A task force on spousal abuse and federal legislation that would substantially change laws affecting education, domestic relations, welfare and taxation were among the topics of a one-day conference sponsored by 14 Montgomery County women's organizations.

The meeting, which drew about 125 persons, focused on state and federal bills affecting women, children and families, and particularly on how the incoming Ronald Reagan administration and the newly reorganized Congress can be expected to deal with women's issues.

County Executive Charles W. Gilchrist announced the formation of the spousal abuse task force, which is charged with monitoring implementation of the Protection from Domestic Violence Act enacted last year by the Maryland General Assembly.

The law enables abused wives and husbands to bring civil rather than criminal action against their spouses. It gives the court power to remove the abuser from the home, require counseling and to award temporary custody of children before a hearing.

Susan Ness, president of the Montgomery County Commission for Women, told the gathering in the County Office Building in Rockville Sunday that women's organizations were very concerned when the Republican platform reversed its traditional stand in support of the Equal Rights Amendment. The Reagan administration, however, "is an open book and we want to do everything we can to work with it," she said.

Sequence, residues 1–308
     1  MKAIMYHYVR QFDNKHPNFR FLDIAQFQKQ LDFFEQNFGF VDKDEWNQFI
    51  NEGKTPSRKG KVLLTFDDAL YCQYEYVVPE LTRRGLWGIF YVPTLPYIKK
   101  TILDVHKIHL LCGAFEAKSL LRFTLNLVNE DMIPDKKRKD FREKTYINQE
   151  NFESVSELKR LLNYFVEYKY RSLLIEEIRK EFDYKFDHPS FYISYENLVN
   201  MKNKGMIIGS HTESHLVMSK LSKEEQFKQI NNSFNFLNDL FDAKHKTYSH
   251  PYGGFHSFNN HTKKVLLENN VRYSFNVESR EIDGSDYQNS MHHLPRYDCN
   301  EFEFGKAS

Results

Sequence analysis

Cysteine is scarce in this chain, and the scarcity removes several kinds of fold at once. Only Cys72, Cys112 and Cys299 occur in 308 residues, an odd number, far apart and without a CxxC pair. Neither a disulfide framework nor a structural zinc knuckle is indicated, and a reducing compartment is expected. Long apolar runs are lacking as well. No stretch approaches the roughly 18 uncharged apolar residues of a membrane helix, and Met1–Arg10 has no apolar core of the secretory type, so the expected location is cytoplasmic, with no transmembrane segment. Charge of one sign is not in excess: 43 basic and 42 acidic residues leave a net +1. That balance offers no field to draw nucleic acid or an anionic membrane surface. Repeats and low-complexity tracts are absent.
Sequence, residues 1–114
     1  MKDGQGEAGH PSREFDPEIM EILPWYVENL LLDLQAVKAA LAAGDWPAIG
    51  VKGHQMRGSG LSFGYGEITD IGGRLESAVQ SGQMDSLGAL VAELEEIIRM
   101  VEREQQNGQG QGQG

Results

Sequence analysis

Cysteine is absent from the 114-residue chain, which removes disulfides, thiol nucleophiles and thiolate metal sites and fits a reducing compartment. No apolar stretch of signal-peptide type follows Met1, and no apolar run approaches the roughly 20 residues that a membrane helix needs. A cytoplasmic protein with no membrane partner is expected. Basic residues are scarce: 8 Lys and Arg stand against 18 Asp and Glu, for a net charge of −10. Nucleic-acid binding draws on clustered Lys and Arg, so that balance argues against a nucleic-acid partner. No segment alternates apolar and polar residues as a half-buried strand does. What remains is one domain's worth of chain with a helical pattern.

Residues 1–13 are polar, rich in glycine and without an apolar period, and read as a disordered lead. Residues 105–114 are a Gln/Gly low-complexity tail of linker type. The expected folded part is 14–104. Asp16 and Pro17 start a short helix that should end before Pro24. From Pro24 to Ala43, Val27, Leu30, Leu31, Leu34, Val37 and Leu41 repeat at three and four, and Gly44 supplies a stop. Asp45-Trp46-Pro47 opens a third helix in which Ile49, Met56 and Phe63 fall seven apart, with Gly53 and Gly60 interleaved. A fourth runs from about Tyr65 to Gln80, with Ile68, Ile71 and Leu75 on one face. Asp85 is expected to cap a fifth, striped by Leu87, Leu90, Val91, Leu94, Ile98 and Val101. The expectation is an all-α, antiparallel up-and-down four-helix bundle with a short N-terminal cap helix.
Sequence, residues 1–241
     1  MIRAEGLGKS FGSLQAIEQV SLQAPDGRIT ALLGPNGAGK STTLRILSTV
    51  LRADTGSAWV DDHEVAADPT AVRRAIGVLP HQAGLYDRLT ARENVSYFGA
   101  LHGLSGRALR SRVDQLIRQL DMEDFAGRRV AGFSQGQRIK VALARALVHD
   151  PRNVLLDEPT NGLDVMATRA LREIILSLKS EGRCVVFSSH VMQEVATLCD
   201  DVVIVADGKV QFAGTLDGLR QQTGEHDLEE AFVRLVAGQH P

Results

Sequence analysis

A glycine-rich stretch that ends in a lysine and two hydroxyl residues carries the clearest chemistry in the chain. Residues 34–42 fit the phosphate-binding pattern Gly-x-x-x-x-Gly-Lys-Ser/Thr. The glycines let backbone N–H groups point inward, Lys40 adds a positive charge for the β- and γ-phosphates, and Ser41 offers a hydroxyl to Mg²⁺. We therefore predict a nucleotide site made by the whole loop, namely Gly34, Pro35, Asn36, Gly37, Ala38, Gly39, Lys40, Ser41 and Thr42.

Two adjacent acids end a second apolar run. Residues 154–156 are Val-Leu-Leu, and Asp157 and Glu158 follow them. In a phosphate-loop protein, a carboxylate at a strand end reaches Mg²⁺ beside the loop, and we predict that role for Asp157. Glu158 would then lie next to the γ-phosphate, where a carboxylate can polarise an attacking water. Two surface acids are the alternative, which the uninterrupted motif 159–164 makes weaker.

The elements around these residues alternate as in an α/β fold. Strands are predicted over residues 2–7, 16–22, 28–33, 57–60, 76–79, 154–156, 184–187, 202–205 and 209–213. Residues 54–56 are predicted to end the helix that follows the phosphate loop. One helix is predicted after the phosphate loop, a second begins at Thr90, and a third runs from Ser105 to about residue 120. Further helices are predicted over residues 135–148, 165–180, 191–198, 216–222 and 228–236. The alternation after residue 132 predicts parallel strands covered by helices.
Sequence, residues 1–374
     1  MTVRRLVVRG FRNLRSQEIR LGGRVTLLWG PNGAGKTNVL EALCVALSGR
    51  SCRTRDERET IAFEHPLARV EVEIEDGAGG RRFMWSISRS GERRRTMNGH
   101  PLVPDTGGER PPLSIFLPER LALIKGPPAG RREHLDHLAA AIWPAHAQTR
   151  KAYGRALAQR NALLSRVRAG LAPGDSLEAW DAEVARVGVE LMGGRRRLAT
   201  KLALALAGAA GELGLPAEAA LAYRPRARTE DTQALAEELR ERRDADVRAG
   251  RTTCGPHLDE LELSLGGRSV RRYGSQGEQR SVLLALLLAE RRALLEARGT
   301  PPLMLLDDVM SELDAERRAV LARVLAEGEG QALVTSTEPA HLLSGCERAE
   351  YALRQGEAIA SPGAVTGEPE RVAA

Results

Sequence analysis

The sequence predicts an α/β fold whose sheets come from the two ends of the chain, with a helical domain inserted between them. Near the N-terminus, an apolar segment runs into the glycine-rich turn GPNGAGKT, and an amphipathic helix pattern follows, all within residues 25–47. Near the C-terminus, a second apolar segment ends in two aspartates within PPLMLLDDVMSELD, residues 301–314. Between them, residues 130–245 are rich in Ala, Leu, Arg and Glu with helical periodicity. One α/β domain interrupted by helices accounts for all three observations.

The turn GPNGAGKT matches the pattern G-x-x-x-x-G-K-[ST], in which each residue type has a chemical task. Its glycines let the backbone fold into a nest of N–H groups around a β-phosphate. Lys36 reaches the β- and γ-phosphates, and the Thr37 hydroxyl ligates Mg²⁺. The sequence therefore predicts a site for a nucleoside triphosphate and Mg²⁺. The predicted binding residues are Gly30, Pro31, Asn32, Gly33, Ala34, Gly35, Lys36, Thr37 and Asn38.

Bobbie Greene Kilberg, campaign vice chairwoman of the Reagan-Bush Women's Policy Advisory Board, warned the group that they would not see a massive, federally funded program for day care from this administration. "What you are going to see is a variety of options discussed."

She said she expected to see proposals for tax breaks for industry-sponsored day-care facilities and comparable tax breaks for families with elderly dependents.

"I urge all of you to come up with specific and not very expensive programs in the economic area because I think there will be a receptive ear," said Kilberg, who works with the Aspen Institute for Humanistic Studies in Washington.